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The Number of Bonds That Carbon Can Make and Its Ability to Make Chains and Rings

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The largest database of organic compounds lists about 10 million substances, which include compounds originating from living organisms and those synthesized by chemists

The number of potential organic compounds has been estimated at 1060—an astronomically high number. The existence of so many organic molecules is a consequence of the ability of carbon atoms to form up to four strong bonds to other carbon atoms, resulting in chains and rings of many different sizes, shapes, and complexities.

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The three dimensional shape or configuration of a molecule is an important characteristic. This shape is dependent on the preferred spatial orientation of covalent bonds to atoms having two or more bonding partners. Three dimensional configurations are best viewed with the aid of models. In most cases the focus of configuration is a carbon atom so the lines specifying bond directions will originate there. As defined in the diagram on the right, a simple straight line represents a bond lying approximately in the surface plane. The two bonds to substituents A in the structure on the left are of this kind. A wedge shaped bond is directed in front of this plane (thick end toward the viewer), as shown by the bond to substituent B; and a hatched bond is directed in back of the plane (away from the viewer), as shown by the bond to substituent D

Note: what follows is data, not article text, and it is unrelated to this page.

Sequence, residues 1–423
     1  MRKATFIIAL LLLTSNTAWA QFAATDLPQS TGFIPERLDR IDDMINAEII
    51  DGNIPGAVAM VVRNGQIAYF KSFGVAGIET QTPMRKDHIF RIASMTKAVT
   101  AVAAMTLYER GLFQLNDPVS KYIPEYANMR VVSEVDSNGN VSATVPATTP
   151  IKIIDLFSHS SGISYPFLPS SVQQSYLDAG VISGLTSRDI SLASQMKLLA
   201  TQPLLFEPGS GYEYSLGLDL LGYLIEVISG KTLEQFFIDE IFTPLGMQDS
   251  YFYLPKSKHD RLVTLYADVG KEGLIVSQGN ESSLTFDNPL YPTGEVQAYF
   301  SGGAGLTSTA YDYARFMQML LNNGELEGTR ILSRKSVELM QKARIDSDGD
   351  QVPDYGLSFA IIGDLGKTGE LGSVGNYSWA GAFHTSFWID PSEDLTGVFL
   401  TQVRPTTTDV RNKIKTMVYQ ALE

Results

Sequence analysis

Some texts and other sources may use a dashed bond in the same manner as we have defined the hatched bond, but this can be confusing because the dashed bond is often used to represent a partial bond (i.e. a covalent bond that is partially formed or partially broken). The following examples make use of this notation, and also illustrate the importance of including non-bonding valence shell electron pairs (colored blue) when viewing such configurations. In the three examples shown above, the central atom (carbon) does not have any non-bonding valence electrons; consequently the configuration may be estimated from the number of bonding partners alone. For molecules of water and ammonia, however, the non-bonding electrons must be included in the calculation. In each case there are four regions of electron density associated with the valence shell so that a tetrahedral bond angle is expected. The measured bond angles of these compounds (H2O 104.5º & NH3 107.3º) show that they are closer to being tetrahedral than trigonal or linear. Of course, it is the configuration of atoms (not electrons) that defines the the shape of a molecule, and in this sense ammonia is said to be pyramidal (not tetrahedral). The compound boron trifluoride, BF3, does not have non-bonding valence electrons and the configuration of its atoms is trigonal. Nice treatments of VSEPR theory have been provided by Oxford and Purdue.